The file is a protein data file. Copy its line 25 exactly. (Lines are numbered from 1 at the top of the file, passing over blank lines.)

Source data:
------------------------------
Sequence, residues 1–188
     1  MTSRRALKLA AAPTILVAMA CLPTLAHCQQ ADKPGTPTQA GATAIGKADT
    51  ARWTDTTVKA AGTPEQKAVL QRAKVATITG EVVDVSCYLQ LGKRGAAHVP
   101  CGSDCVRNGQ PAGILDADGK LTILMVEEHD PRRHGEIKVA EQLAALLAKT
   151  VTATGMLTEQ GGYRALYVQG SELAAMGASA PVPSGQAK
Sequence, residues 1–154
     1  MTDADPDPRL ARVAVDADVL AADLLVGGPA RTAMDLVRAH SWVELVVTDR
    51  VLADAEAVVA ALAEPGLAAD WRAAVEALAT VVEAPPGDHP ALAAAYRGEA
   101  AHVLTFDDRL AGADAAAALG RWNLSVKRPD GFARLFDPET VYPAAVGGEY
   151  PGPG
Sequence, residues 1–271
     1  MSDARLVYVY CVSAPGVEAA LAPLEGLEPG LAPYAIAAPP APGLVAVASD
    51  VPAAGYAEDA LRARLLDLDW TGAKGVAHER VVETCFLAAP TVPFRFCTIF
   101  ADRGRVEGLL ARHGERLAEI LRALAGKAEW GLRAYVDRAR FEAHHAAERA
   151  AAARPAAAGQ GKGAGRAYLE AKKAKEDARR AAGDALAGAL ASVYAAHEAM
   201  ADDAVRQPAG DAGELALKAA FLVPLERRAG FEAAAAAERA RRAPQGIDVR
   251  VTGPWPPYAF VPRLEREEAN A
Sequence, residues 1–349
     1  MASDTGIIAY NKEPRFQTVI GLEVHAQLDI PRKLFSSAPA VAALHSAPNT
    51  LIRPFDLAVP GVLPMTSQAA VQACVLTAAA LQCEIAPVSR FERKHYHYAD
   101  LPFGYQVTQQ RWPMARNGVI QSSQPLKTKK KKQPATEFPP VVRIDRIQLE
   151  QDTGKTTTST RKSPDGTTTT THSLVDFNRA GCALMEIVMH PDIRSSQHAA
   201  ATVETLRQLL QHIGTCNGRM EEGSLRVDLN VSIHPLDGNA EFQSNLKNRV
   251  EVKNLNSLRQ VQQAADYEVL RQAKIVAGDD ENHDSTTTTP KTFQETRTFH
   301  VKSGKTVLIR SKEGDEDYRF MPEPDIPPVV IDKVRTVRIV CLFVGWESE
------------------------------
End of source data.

   301  VKSGKTVLIR SKEGDEDYRF MPEPDIPPVV IDKVRTVRIV CLFVGWESE